Wednesday, 17 July 2013

Questions (108, 109, 110, 111, 112, 113)

John Deasy

Question:

108. Deputy John Deasy asked the Minister for Public Expenditure and Reform his policy on charging entrance fees to national monuments and national historic properties. [35822/13]

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John Deasy

Question:

109. Deputy John Deasy asked the Minister for Public Expenditure and Reform the current number of national monuments in State care; the number open to the public; and the number that charge visitors an entrance fee. [35823/13]

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John Deasy

Question:

110. Deputy John Deasy asked the Minister for Public Expenditure and Reform the overall annual cost of managing, maintaining and staffing the total number of national monuments in State care in 2010, 2011 and 2012. [35824/13]

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John Deasy

Question:

111. Deputy John Deasy asked the Minister for Public Expenditure and Reform the total revenue generated from visitor entrance fees at national monuments in State care in 2010, 2011 and 2012. [35825/13]

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John Deasy

Question:

112. Deputy John Deasy asked the Minister for Public Expenditure and Reform the number of persons who visited national heritage attractions, managed by the Office of Public Works, in 2010, 2011 and 2012. [35826/13]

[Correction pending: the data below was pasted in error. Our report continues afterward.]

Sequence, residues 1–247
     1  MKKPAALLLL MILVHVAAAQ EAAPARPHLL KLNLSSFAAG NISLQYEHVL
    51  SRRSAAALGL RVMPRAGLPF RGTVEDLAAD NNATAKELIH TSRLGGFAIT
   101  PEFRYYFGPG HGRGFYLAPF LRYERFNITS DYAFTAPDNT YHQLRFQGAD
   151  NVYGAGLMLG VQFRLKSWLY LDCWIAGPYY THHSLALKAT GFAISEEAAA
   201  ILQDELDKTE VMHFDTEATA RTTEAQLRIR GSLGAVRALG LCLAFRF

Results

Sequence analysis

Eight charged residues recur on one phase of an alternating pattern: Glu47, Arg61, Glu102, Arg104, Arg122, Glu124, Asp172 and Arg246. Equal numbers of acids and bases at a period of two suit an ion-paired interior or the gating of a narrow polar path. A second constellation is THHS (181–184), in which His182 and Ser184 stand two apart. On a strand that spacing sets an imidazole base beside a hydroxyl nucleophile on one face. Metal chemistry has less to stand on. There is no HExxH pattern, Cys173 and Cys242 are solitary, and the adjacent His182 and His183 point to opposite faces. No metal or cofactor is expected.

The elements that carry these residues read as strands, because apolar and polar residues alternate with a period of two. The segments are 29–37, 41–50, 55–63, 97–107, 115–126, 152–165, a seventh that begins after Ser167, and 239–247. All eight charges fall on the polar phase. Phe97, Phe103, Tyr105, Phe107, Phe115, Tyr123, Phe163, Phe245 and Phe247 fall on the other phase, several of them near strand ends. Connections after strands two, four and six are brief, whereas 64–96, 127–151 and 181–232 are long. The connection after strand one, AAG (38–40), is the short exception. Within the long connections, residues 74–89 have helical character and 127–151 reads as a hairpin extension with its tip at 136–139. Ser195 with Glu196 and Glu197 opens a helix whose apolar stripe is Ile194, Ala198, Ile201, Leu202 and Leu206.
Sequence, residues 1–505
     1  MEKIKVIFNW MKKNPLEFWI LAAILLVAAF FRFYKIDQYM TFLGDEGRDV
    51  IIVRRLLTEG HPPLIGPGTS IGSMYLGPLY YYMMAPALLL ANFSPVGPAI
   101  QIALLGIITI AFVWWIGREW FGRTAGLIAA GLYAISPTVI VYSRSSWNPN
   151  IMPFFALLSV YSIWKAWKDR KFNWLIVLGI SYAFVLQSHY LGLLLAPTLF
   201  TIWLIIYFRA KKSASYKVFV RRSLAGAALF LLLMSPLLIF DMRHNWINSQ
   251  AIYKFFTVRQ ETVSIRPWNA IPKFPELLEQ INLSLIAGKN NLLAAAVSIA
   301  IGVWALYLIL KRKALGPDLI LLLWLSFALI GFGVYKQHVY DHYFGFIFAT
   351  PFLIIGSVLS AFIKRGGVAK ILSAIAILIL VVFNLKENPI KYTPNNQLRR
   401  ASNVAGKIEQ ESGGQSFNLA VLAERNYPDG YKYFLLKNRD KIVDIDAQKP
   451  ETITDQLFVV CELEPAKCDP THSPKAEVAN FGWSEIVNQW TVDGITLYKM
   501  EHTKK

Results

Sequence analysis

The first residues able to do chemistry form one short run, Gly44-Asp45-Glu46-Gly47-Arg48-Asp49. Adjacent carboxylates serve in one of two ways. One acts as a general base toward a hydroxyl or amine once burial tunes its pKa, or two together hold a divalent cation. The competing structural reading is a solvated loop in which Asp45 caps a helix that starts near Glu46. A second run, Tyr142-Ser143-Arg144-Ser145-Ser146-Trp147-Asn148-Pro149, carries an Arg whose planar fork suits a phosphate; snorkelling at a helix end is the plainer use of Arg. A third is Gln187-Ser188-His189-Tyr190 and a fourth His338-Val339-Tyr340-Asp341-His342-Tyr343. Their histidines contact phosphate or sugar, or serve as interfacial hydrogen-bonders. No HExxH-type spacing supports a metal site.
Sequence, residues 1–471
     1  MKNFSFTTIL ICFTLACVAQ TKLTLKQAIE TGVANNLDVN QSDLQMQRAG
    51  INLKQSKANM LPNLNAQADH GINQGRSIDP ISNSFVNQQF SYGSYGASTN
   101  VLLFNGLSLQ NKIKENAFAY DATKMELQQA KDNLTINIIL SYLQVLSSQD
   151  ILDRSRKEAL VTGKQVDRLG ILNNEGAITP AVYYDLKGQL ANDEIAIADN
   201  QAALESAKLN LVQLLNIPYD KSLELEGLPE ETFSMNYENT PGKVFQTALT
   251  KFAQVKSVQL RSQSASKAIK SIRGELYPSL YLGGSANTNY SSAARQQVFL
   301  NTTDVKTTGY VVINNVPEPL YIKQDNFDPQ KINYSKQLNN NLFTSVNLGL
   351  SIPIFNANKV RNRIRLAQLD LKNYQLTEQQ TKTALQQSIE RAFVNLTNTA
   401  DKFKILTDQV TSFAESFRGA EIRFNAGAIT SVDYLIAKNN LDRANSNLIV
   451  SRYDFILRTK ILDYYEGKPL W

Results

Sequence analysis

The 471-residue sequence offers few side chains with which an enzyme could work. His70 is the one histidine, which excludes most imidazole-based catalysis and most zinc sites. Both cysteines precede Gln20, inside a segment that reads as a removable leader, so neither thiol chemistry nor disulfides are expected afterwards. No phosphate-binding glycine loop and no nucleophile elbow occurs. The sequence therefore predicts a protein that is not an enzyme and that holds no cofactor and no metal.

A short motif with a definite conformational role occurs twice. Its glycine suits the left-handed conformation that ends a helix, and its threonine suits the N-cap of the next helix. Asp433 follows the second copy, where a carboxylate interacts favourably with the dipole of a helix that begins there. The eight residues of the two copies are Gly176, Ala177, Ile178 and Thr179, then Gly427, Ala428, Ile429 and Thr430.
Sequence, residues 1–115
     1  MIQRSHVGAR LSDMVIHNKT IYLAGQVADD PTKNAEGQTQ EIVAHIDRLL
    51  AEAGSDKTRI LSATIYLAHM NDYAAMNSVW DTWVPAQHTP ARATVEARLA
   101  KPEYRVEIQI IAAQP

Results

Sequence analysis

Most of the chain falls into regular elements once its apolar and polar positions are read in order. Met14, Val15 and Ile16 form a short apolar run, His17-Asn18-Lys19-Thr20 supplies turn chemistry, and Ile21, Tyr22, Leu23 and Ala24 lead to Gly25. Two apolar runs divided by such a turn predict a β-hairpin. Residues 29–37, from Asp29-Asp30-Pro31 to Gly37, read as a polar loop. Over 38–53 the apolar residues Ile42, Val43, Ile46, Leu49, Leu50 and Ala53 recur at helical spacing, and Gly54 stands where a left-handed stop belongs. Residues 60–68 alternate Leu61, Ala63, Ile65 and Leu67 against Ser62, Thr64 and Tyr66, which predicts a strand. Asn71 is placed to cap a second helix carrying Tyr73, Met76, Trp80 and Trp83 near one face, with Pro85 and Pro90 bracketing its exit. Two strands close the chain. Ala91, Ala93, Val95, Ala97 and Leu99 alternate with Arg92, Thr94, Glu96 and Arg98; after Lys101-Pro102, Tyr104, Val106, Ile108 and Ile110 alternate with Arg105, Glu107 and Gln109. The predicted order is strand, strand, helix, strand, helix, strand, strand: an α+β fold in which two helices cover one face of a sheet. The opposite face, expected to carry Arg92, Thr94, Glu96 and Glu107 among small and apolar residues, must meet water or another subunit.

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John Deasy

Question:

113. Deputy John Deasy asked the Minister for Public Expenditure and Reform the total revenue generated from visitor entrance fees at Office of Public Works managed heritage sites in 2010, 2011 and 2012. [35827/13]

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Written answers (Question to Public)

I propose to take Questions Nos. 108 to 113, inclusive, together.

The policy in regard to admission fees to National Monument and Heritage sites in State care which are managed by the Office of Public Works (OPW) is reflective of a number of factors, including the need on an ongoing basis to defray some of the running costs, the Government's policy of supporting the wider tourism economy and, in some certain cases, the relative popularity of the site in visitor numbers terms.

Admission charges to State run Heritage sites, where they apply, are generally set quite low relative to other private sector comparators and in approximately 40% of OPW's attended (Guided) sites, there are no charges at all. This reflects the Government's wish to encourage interest in our heritage from both domestic and foreign visitors and to seek to minimise the costs to both the general user and the organised Tour Operator sector of experiencing some of the best heritage sites in the country.

This approach is also designed to support the wider tourism and hospitality industry by encouraging visitor footfall in parts of the country that might not otherwise be in a position to draw such visitors. In a small number of particular cases, admission fees are slightly higher, reflecting a need to control the level of visitors somewhat for conservation reasons and to ensure that the overall number is managed so as to remain consistent with the ability of fragile sites to cope sustainably with significant demand.

Notwithstanding this general policy, which has applied for some time, it is clear that in light of economic pressures on the Exchequer currently, and in particular having regard to the costs involved in maintaining visitor facilities at many of these sites, circumstances may dictate a relatively greater emphasis on cost recovery in the future. However, no decisions have been taken at this time in relation to increasing admission charges at sites, in the interest of continuing to keep costs low to the domestic visitor and the foreign tourist alike.